New Laws In Place For 2022 Midterms Could Slap Election Workers With Felonies For Minor Mistakes

BETHESDA, MARYLAND - OCTOBER 20: Election judges prepare early mail-in ballots to be scanned by the Montgomery County Board of Elections October 20, 2020 at Plumb Gar Community Recreation Center in Germantown, Maryl... BETHESDA, MARYLAND - OCTOBER 20: Election judges prepare early mail-in ballots to be scanned by the Montgomery County Board of Elections October 20, 2020 at Plumb Gar Community Recreation Center in Germantown, Maryland. Request for a mail-in ballot in Maryland for the 2020 presidential general election must be received by today, or voters can request their ballots in person at a local board of elections office. (Photo by Alex Wong/Getty Images) MORE LESS

In the aftermath of the 2020 election, extremist candidates, state legislatures and disgruntled Trump supporters have come together to attack election workers. Among the fruits of their labor are a collection of new laws across the country that impose strict new penalties on election workers — in some cases for minor mistakes, or for carrying out their work in the way they have in past elections. 

At least six laws in five states — Alabama, Arizona, Kentucky, Missouri and Oklahoma — create new penalties for election workers, according to a Brennan Center for Justice analysis outlining new voting restrictions that have been enacted during this year’s legislative session.

The penalties for these new rules aren’t light, either: At least half of them threaten election workers with felony convictions.

Two such laws were passed in Arizona, a state that has become ground-zero for attacks on election administration: H.B. 2237 prohibits same-day voting registration while H.B. 2492 requires that election officials ensure that voters provide “satisfactory evidence of citizenship” to cast their ballot.

Arizona’s laws both threaten Class 6 felonies, which can result in a prison sentence of up to 5 or 6 years

The laws “criminalize basic human error,” said Tammy Patrick, a senior advisor to the Elections program at the Democracy Fund and a former Arizona elections administrator.  

“In some states, if you mail out information that turns out to be incorrect or have a proofing or transcription error, those would then be criminal activities,” she told TPM.

The charges, ironically, could also imperil an election worker’s right to vote: While Arizona does automatically restore voting rights to formerly incarcerated citizens upon release, they only regain that right once they’ve completed their prison sentence or probation.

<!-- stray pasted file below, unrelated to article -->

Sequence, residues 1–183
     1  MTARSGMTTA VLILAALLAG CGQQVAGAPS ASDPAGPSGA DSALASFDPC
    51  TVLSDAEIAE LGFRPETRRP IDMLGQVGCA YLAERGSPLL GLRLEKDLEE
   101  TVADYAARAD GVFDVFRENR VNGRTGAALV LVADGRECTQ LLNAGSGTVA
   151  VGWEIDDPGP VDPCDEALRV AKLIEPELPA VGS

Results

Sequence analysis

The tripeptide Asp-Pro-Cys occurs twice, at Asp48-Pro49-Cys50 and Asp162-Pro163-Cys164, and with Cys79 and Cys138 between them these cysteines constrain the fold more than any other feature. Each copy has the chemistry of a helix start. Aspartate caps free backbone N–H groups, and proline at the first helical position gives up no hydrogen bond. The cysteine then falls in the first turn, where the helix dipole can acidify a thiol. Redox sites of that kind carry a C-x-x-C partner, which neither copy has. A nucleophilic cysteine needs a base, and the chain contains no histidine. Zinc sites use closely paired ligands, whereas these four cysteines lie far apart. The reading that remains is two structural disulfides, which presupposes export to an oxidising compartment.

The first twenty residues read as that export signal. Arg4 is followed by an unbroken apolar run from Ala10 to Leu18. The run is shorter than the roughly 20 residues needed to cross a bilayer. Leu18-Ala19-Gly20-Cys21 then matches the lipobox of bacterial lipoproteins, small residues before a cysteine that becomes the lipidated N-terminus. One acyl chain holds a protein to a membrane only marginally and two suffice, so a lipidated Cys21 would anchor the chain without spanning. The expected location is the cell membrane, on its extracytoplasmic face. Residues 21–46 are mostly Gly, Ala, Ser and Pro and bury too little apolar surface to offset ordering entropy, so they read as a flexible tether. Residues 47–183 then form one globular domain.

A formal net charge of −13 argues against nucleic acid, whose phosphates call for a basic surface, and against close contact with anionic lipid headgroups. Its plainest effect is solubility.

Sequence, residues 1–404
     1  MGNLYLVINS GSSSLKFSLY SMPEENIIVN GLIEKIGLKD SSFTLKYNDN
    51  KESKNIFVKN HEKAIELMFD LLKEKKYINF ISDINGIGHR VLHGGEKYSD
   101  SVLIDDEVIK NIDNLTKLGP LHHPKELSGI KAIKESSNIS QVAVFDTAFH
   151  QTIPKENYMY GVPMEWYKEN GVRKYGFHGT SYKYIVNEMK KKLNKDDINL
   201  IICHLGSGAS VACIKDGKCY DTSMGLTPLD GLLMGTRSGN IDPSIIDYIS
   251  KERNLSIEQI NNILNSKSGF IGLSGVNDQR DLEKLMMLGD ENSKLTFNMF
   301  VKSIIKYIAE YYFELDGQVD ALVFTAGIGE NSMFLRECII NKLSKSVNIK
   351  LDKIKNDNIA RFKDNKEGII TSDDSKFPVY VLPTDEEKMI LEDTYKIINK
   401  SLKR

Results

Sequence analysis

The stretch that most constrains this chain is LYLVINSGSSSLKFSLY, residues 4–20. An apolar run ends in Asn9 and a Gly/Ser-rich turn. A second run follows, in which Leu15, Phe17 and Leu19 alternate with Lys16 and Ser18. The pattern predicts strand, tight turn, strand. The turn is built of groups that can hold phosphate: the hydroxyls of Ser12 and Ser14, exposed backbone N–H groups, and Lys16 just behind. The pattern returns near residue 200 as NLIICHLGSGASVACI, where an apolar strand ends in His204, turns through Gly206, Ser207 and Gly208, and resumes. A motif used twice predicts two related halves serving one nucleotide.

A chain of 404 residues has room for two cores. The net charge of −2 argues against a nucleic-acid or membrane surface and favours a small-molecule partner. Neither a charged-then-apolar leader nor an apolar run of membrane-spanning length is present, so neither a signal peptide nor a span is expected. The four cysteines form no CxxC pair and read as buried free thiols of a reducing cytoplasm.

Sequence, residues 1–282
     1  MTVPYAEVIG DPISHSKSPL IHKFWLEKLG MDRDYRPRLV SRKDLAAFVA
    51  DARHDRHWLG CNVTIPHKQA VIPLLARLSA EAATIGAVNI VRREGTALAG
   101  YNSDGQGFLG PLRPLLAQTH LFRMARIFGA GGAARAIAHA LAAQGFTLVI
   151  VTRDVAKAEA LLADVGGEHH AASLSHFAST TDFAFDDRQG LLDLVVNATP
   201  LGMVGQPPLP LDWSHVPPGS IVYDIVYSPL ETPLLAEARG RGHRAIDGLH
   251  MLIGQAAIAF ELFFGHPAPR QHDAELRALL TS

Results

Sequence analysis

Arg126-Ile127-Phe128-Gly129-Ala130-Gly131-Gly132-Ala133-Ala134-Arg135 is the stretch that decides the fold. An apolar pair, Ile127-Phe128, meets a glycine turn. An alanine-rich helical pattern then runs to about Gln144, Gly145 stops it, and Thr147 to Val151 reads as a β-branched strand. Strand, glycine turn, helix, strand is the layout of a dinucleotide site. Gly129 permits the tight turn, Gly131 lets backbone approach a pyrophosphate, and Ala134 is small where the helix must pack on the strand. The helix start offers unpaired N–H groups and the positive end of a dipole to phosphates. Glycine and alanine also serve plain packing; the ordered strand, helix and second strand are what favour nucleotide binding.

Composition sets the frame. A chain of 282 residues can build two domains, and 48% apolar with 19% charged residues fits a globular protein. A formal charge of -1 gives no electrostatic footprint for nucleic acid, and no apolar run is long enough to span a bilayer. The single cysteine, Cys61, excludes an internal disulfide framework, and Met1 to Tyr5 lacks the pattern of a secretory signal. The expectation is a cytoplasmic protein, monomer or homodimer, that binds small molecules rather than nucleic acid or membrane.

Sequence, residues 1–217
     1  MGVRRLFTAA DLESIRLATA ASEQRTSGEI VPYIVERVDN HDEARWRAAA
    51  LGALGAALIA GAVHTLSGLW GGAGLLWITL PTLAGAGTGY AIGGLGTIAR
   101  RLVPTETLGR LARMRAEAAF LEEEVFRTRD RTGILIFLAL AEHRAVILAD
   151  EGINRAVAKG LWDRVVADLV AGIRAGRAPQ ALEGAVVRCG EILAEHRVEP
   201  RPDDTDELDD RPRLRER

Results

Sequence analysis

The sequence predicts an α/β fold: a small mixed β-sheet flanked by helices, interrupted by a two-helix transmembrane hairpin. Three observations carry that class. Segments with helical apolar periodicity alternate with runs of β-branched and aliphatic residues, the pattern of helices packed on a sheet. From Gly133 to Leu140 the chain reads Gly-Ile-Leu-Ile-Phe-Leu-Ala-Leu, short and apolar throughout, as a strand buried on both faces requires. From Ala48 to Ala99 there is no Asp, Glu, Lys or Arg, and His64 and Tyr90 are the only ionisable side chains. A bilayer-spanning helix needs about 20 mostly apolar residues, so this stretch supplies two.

“By turning something that might be an innocent mistake or disagreement about how to interpret the law into a criminal act,” Gowri Ramachandran, senior counsel to the Brennan Center’s Democracy program, told TPM, “it increases the temperature and makes election officials concerned that they’re going to get blamed and threatened for things that people don’t like.”

“Election officials, of course, always strive for 100% accuracy and correctness,” Patrick said, “but elections are conducted by people and people can make mistakes.”

The severity of these penalties have already led some election workers to leave their jobs. Ramachandran recalled the case of Roxana Moritz, a chief election officer in Davenport, Iowa, who resigned from her position last year after Iowa enacted a new voting law in February 2021.

Iowa’s S.F. 413 shortened the early voting period from 29 days to 20 and closed polls an hour earlier. But it also imposed fines on poll workers of up to $10,000 for making any “technical infractions” that violate the state’s election rules or guidance from the secretary of state, and made it a felony to disregard election guidance from the secretary of state.

Before the law was passed, Moritz gave poll workers hazard pay for working through the pandemic, but failed to get approval for granting $9,400 in extra pay. “I could be charged with a felony. I could lose my voting rights,” she told the New York Times last June. “So I decided to leave.”

The new rules couldn’t have come at a worse time for election workers, as thousands across the country have either been flooded with death threats or manipulated by partisan actors trying to control the process from within.

Another Brennan Center study from March found that twenty percent of the local election officials they surveyed were “very” or “somewhat unlikely” to stay in their positions through to the 2024 presidential election.

“There’s an ongoing weaponization of election administration,” Patrick notes. “They’re again trying to pull in this narrative that the 2020 election was illegitimate, and that’s why they have to pass these kinds of laws, to curtail all of the supposed rampant fraud that occurred when in reality there was no rampant fraud.”

Ramachandran believes that the departure of election administrators like Moritz hints at an unfortunate pattern to come. “It’s just making an even more difficult environment for election workers when we know that it’s already such an intense environment for them,” she told TPM. 

“It’s a tough job,” she said. “We want people who are really committed to it to continue.”

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